Great crested newts spend much of the year on land but towards the end of winter they return to the water to breed, laying their eggs on leaves under the water. They prefer predator-free ponds surrounded by wildlife-rich grassland, and feed on a range of invertebrates including earthworms, insects, spiders and slugs.

Great crested newt numbers have suffered a decline in numbers throughout Europe and are now protected under both UK and European legislation. It is illegal to catch, possess or handle great crested newts without a licence and it is also illegal to cause them harm or death, or to disturb their habitat in any way. Although because of their nocturnal habits great crested newts will rarely be seen by visitors, The Avenue holds nationally important numbers of the animal and is probably the most important site for great crested newts in the area.

The brilliant blue and orange markings of this lovely small bird are unmistakable, and while we can enjoy the thrill of spotting it as it flies swiftly away or swoops to catch a fish from the water, for the Victorians, its beauty proved irresistible. Kingfisher feathers were a favourite in milliners’ elaborate creations, and the birds were also a favourite subject for taxidermists.

Look out for kingfishers over any of the water bodies on the reserve. They are seen regularly on Redleadmill Brook, the Rother and the reedbed where they feed on aquatic insects and fish which they hunt from their riverside perches. These lovely small birds are very sensitive to cold weather and their numbers can plummet during a harsh winter.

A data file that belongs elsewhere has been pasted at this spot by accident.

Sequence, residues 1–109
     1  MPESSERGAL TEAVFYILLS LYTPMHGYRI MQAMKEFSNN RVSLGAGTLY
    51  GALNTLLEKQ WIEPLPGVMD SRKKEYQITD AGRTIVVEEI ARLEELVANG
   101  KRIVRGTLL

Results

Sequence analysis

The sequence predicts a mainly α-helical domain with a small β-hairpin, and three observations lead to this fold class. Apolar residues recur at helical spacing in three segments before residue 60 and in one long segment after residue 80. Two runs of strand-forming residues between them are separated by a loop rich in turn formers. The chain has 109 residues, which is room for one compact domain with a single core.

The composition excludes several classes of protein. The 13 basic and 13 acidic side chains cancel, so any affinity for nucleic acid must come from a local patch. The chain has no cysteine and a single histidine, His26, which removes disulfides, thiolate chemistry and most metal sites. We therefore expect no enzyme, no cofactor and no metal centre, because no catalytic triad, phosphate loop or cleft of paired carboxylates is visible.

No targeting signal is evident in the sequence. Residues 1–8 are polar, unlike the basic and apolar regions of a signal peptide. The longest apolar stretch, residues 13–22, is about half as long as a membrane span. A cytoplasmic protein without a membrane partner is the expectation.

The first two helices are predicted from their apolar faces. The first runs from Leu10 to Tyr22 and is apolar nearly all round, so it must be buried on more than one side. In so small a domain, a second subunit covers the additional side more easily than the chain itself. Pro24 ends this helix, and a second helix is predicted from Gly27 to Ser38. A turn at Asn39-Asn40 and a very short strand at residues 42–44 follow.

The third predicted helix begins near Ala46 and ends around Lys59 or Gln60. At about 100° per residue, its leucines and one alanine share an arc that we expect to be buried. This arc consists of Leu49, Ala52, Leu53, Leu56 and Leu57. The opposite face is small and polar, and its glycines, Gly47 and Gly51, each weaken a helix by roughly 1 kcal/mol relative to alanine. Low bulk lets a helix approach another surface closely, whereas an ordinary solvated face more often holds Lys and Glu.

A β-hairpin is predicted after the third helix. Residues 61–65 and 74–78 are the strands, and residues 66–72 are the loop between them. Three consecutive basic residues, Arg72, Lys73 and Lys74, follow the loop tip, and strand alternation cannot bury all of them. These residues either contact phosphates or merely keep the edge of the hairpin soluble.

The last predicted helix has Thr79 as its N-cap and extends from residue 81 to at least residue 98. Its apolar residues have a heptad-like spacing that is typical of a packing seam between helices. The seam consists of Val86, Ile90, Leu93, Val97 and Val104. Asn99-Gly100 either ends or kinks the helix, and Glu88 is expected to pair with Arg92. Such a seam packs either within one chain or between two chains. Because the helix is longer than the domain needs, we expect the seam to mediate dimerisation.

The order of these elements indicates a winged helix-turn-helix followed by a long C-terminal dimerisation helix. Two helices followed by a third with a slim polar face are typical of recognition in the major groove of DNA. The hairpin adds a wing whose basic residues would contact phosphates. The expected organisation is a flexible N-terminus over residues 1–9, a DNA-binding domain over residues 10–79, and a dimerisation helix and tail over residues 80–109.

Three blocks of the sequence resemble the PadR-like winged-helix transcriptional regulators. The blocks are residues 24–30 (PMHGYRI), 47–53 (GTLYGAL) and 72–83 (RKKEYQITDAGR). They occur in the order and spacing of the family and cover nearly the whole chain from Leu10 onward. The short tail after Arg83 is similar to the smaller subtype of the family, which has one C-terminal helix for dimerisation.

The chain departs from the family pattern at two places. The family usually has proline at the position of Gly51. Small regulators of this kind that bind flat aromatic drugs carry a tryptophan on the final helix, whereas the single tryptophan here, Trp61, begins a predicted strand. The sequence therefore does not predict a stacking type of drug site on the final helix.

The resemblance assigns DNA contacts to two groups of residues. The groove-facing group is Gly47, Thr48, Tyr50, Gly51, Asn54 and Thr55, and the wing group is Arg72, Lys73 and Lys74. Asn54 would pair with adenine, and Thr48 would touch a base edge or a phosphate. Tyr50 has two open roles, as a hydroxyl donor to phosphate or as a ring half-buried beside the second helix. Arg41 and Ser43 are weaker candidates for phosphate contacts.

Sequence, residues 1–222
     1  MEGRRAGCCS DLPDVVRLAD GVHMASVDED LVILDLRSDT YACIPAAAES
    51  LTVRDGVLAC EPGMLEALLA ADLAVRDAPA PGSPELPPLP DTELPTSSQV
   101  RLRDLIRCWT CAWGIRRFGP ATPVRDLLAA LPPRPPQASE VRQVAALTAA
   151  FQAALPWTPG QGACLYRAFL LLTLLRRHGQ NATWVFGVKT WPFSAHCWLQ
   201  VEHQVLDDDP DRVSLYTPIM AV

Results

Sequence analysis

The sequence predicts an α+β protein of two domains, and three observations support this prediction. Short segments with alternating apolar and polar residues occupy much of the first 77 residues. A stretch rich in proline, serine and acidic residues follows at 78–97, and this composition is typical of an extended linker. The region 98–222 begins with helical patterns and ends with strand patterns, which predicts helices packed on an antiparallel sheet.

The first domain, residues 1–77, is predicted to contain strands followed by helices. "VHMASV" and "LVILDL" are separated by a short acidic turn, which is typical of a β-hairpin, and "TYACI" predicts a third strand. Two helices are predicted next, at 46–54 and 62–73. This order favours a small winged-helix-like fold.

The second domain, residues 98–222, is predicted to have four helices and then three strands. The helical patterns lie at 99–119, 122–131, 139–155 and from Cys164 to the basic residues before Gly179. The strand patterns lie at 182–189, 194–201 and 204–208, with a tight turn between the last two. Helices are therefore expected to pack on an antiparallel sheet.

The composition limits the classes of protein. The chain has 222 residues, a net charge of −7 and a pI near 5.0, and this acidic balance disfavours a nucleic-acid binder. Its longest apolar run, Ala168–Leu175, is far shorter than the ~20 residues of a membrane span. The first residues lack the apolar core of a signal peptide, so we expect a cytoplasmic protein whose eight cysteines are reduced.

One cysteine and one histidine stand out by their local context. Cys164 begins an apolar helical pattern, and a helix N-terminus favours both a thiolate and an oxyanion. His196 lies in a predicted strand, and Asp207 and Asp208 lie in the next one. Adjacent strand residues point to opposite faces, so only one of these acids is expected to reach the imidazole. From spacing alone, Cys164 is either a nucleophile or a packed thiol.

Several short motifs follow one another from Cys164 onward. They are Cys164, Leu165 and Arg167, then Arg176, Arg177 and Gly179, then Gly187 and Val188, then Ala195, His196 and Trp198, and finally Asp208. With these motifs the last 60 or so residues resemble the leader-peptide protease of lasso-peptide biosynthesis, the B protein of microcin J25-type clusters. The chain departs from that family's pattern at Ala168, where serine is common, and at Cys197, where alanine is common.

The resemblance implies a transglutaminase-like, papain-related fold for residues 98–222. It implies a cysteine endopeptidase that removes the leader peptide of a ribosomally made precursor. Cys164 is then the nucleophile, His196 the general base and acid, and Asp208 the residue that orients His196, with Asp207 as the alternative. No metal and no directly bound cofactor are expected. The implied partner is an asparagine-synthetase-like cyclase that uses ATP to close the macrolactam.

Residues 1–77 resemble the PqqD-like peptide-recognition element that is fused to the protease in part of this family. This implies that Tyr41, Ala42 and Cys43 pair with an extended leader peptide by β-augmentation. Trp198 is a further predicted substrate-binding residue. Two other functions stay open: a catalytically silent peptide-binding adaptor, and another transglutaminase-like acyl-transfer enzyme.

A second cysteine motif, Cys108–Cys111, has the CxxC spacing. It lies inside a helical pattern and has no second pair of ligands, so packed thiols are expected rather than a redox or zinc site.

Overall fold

Water vole
These small mammals have suffered huge declines across the UK, but The Avenue Washlands is one of a few strongholds for the species in Derbyshire, and they are widespread on the site.

Water vole numbers have suffered due to loss of their wetland habitat, but they do respond well to habitat improvements and can quickly colonise newly created habitats such as the reedbed that was created here. Other factors that have had an impact on water vole numbers generally are predation by American mink, which are efficient hunters, as well as flooding and disturbance.

Water voles can be identified by their rounded face with blunt nose, small ears hidden in the fur, rich chestnut brown colour and tail covered with fine hairs. They feed on the stems and leaves of waterside grasses and plants, often leaving the remains of their meal behind. They are active during the daytime and you may be lucky enough to spot one – however, when disturbed, they disappear into the water, making a distinctive ‘plop’ sound as they do so.

Water voles and their burrows are protected under the Wildlife and Countryside Act 1981.

Grass snake
The largest British snake, the non-venomous grass snake can grow to around one metre in length. It is usually olive green in colour with short black vertical blotches along the sides. The best way to identify a grass snake is by the yellow and black collar behind its head and you are most likely to see one in damp grassland, marshes or wetlands.